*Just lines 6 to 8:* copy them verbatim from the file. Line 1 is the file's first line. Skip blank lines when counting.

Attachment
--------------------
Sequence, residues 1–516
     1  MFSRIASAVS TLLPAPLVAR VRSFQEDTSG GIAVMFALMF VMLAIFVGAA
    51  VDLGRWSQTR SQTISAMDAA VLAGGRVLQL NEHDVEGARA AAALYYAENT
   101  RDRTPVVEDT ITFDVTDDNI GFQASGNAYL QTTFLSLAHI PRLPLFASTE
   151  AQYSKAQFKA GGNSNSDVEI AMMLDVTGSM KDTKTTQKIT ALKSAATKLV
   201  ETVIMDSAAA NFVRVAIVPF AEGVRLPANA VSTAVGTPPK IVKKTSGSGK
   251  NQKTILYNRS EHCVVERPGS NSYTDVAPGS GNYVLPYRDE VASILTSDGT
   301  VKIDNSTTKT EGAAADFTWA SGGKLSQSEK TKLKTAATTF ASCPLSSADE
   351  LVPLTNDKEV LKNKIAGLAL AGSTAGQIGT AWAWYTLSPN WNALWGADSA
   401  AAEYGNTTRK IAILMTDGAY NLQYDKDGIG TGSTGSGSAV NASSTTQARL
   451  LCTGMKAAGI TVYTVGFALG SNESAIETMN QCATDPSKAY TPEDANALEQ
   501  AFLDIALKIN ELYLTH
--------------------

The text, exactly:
   201  ETVIMDSAAA NFVRVAIVPF AEGVRLPANA VSTAVGTPPK IVKKTSGSGK
   251  NQKTILYNRS EHCVVERPGS NSYTDVAPGS GNYVLPYRDE VASILTSDGT
   301  VKIDNSTTKT EGAAADFTWA SGGKLSQSEK TKLKTAATTF ASCPLSSADE